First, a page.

Philanthropy in Russia is very young. At the same time, there is a distinction between the activities of both the most experienced and “oldest” stakeholders in the sector and the new players who emerged in the course of the last couple of years. During this time, Russian foundations have built a wealth of experience to operate in a constantly evolving environment and a challenging economic situation, which has meant that the work of the biggest foundations and companies has become intertwined and/or realized in partnership. All private foundations in Russia operate in an environment shaped by the proactive position of their founders.

At the same time, we see a strong tendency on the part of the leading foundations to reflect on their activities and evaluate their impact. The biggest Russian private foundations support the development of non-profits’ competencies in impact management and evidence-based practice. There are initiatives such as creating a database of case studies and developing standards for different kinds of activities – for example, standards in describing a social programme and a social project. The Russian Donors Forum plays an active role in developing this culture by initiating these projects or partnering with other stakeholders.

What role will philanthropy take?
On the one hand, the search for innovative solutions to societal problems and on the other bringing together existing knowledge and resources.

Will Russian philanthropy be more nationally focused, or will it also be regional and global?
The country’s vast territory and significant range of challenges mean that the philanthropy of Russian foundations is quite nationally centred, but there is a number of foundations that have expanded their activities beyond the national borders to neighbouring countries. However, only a handful of the biggest Russian companies have a global focus in their philanthropic giving.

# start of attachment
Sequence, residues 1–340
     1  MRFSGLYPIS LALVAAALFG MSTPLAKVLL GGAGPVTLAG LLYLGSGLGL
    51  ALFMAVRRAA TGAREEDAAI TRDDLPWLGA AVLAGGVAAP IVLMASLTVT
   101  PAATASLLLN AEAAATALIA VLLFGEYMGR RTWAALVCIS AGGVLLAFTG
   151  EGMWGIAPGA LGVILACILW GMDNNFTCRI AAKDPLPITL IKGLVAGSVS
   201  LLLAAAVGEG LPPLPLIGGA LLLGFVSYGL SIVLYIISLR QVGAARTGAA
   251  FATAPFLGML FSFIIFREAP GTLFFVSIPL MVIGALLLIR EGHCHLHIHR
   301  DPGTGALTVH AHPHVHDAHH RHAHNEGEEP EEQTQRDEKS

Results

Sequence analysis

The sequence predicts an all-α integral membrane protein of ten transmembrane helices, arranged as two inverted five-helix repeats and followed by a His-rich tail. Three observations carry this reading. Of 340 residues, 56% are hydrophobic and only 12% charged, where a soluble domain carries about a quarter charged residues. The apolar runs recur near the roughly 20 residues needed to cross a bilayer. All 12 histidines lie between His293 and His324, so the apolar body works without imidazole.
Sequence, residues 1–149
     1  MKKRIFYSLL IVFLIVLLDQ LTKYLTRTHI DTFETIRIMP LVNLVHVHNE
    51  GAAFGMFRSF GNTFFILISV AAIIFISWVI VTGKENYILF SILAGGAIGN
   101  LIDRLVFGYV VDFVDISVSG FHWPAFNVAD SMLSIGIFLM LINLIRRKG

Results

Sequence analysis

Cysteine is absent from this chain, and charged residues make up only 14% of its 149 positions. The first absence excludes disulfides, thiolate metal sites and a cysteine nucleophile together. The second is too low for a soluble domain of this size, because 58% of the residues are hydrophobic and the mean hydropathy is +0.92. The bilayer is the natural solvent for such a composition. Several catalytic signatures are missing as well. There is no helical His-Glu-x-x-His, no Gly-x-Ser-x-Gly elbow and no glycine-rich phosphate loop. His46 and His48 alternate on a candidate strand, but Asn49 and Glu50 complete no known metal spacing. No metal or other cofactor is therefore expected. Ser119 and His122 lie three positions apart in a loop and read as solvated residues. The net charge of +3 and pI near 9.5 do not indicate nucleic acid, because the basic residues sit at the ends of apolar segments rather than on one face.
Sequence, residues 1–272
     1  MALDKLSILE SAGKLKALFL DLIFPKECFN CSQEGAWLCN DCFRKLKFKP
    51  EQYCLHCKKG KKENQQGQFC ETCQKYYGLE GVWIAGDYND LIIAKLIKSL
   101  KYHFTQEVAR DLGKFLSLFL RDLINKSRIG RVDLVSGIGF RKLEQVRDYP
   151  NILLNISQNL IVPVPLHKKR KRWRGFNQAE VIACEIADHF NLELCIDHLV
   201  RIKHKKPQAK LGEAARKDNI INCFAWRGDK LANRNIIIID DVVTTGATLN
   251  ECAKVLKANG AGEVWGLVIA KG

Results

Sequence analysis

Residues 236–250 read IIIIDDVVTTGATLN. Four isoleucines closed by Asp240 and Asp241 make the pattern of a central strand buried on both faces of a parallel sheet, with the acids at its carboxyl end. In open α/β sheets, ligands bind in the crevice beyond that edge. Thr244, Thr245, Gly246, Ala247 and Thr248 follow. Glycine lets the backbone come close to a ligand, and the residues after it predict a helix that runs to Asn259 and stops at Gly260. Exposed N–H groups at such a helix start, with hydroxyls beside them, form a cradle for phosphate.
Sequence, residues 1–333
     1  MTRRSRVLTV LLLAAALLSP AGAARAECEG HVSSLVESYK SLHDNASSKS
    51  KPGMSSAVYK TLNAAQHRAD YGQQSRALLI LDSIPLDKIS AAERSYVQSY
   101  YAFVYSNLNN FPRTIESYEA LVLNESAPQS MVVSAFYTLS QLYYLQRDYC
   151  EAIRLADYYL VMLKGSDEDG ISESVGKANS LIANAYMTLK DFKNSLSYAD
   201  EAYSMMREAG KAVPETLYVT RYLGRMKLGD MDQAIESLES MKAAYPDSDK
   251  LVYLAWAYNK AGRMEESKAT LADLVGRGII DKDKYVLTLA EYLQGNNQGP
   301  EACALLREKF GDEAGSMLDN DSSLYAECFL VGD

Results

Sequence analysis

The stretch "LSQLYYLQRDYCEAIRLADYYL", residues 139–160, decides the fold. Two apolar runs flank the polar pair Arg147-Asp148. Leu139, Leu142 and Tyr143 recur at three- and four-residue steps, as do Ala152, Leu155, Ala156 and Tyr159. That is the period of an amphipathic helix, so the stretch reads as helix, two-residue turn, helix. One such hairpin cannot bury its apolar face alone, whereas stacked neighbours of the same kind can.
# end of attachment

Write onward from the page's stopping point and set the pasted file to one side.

Is there any other subject which you consider as vital for the sector?
Among the most widely discussed topics in Russia these days are the issues of self-regulation and internal standards. Philanthropy has become an intrinsic agenda item of the largest economic forums in Russia, where foundations and non-profits share their expert opinions. At the same time, the protracted volatile economic situation and foundations' short-term budgets (usually covering only one or two years ahead) have meant that foundations are often merely tactical rather than strategic in their approach. Nevertheless, the sector is growing and the demand for strategic management and professionalisation is on the rise as well.

Are there some developments we are not yet aware of at an international level, but which you see coming along in the future?
Russia is probably in line with the international trend in regard to the digitalisation of the philanthropic sector. Companies hold hackathons and engage charity partners in this work. At the national level, there is a great number of social services-related online portals, including both private and state medicine services. Artificial intelligence and blockchain are deemed to be important in terms of developing the digital potential of non-profits and increasing the quality of their services, their competitiveness, and the impacts they produce.

If people want to get informed about news and trends in the sector in Russia, where can they find this information?
Any information published about the sector still tends to be predominantly published in Russian (Филантроп). For non-Russian speakers we suggest that they get in touch with the Russian Donors Forum (dfinfo[at]donorsforum[punkt]ru) who will be able to provide expert advice.

Compiled by the EZ-Scout seconded to the Association of German Foundations